Results for 'Jenny Lee'

993 found
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  1.  7
    The role of consciousness in threat extinction learning.Charlene L. M. Lam, Tom J. Barry, Jenny Yiend & Tatia M. C. Lee - 2023 - Consciousness and Cognition 116 (C):103599.
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  2.  16
    The call for ecological validity is right but missing perceptual idiosyncrasies is wrong.Jennie Qu-Lee & Emily Balcetis - 2022 - Behavioral and Brain Sciences 45.
    Although psychology has long professed that perception predicts action, the strength of the evidence supporting the statement depends on the ecological validity of the technologies and paradigms used, particularly those that track eye movements, supporting Cesario's argument. While right to call for ecological validity, Cesario's model fails to account for individual differences in visual experience perceivers have when presented with the same stimulus.
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  3.  75
    From missed opportunities to future possibilities: Towards an improper politics.Jenny Gunnarsson Payne, Paula Biglieri, Mark Devenney, Lisa Disch, Alex Taek-Gwang Lee & Clare Woodford - 2022 - Contemporary Political Theory 21 (3):443-474.
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  4.  12
    Is feyerabendian philosophy relevant for scientific knowledge development in nursing?Marie-Lee Yous, Patricia H. Strachan & Jenny Ploeg - 2020 - Nursing Philosophy 21 (3):e12309.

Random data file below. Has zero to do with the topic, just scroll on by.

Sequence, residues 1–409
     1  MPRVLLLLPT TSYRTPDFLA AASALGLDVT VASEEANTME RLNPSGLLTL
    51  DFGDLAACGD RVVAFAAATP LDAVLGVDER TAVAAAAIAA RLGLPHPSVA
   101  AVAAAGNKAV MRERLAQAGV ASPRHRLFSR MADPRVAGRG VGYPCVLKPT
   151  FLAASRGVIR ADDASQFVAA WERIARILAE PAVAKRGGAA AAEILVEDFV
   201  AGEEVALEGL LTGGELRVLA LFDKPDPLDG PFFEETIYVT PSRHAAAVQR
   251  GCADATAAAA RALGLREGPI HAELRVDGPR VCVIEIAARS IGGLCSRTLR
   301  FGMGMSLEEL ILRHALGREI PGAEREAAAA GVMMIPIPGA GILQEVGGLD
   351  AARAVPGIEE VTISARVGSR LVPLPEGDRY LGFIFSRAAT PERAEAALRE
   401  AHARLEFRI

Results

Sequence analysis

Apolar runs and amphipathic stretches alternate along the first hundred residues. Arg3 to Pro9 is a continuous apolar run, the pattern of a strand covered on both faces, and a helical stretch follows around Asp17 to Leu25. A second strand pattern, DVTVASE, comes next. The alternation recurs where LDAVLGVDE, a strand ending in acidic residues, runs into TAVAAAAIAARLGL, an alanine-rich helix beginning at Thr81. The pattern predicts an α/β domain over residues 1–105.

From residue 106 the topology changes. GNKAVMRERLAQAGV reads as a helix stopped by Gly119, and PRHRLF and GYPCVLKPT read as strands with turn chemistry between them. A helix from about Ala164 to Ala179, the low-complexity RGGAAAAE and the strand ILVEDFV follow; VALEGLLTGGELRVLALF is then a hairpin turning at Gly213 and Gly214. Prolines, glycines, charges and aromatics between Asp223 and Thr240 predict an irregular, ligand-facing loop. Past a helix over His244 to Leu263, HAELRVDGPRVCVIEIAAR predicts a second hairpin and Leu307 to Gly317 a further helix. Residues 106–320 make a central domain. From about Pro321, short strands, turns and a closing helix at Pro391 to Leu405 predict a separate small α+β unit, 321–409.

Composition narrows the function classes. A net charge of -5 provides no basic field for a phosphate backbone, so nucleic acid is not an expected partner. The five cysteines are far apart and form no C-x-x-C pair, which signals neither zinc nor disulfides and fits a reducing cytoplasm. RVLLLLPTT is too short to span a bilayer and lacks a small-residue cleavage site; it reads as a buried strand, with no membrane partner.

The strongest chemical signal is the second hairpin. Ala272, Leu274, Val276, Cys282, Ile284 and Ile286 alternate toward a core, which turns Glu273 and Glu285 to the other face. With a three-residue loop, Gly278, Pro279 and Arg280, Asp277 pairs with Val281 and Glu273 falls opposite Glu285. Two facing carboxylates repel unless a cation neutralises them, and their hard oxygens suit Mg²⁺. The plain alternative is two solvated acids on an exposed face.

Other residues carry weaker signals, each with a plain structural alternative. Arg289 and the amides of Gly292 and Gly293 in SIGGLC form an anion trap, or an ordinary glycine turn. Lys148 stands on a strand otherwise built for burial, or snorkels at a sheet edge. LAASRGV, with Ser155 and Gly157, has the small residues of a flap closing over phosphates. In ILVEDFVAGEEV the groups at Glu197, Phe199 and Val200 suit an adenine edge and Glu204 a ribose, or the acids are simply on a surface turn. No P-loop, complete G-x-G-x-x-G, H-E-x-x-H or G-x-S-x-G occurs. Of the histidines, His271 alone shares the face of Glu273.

To revitalize nursing science, there is a need for a new approach to guide nurse scientists in addressing complex problems in health care. By applying theoretical concepts from a revolutionary philosopher of science, Paul K. Feyerabend, new nursing knowledge can be produced using creativity and pluralistic approaches. Feyerabend proposed that methods within and outside of science can produce knowledge. Despite the recognition of Feyerabendian philosophy within science, there is currently a lack of literature regarding the relevance of Feyerabendian philosophy for (...)
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  5.  13
    Against the odds: Australian book publishers become global.Jenny Lee - 2004 - Logos. Anales Del Seminario de Metafísica [Universidad Complutense de Madrid, España] 15 (3):154-159.
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  6. The accuracy of small-group estimation and the wisdom of crowds.Michael D. Lee & Jenny Shi - 2010 - In S. Ohlsson & R. Catrambone (eds.), Proceedings of the 32nd Annual Conference of the Cognitive Science Society. Cognitive Science Society. pp. 1124--1129.
     
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  7.  18
    Unbounding ELSI: The Ongoing Work of Centering Equity and Justice.Chessa Adsit-Morris, Rayheann NaDejda Collins, Sara Goering, James Karabin, Sandra Soo-Jin Lee & Jenny Reardon - 2023 - American Journal of Bioethics 23 (7):103-105.
    ELSI efforts long have been troubled by critiques that they privilege scientific frameworks and grant scientists the power to set ethical agendas. As the first director of the Human Genome Project’...
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  8.  28
    Meaning Making Process and Recovery Journeys Explored Through Songwriting in Early Neurorehabilitation: Exploring the Perspectives of Participants of Their Self-Composed Songs Through the Interpretative Phenomenological Analysis.Felicity A. Baker, Jeanette Tamplin, Nikki Rickard, Peter New, Jennie Ponsford, Chantal Roddy & Young-Eun C. Lee - 2018 - Frontiers in Psychology 9.